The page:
It's In the Cup: The Geography and Terroir of Nicaraguan Coffee

By D. J. Costantino | Illustrated by Becki Kozel


D. J. Costantino
Illustrated by Becki Kozel

Café Integral represents the next wave of American roasteries. Instead of vying with other roasters for the same beans from Ethiopia, Colombia, and Guatemala, César Vega is telling a personal story through Nicaraguan coffee. Born in Nicaragua and raised in Miami, Vega sources exclusively from the mountains of his home country, a region rich in a coffee history that’s finally making its way to American cafes.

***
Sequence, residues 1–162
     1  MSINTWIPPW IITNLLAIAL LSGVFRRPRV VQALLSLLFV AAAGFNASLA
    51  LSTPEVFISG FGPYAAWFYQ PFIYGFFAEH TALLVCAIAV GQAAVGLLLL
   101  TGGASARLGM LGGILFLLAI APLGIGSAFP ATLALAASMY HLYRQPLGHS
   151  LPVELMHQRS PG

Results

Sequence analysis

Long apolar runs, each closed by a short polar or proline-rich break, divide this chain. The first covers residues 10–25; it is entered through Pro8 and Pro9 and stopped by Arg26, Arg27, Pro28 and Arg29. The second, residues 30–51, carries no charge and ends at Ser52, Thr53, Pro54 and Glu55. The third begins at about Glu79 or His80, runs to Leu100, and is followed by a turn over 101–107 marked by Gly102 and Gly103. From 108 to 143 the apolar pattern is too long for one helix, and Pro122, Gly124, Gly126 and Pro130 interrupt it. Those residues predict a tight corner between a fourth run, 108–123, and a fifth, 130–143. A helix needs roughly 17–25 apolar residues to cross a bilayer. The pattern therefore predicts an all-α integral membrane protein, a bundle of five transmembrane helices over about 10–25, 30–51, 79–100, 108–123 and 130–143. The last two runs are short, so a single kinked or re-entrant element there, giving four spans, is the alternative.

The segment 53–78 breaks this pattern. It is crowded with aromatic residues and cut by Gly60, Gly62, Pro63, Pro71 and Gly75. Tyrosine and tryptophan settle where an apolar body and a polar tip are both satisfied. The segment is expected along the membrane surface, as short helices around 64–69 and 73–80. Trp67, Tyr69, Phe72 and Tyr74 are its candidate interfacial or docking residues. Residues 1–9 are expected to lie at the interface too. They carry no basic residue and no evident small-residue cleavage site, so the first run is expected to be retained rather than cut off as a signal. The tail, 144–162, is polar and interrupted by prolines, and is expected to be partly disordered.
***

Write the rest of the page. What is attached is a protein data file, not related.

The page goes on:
When he launched Café Integral in New York City’s Soho neighborhood, Vega had a hunch that Nicaragua’s best beans weren’t making it to market. His vertically integrated business model aims to change that. Vega works with farmers to improve harvests, seeks out new origins, and serves as a one-man marketing machine for his country’s beans. In his Soho cafe, and now across the country, he shares coffees that come from distinct microclimates, farmers, processes, and Arabica varietals. Here are four of his current favorites:

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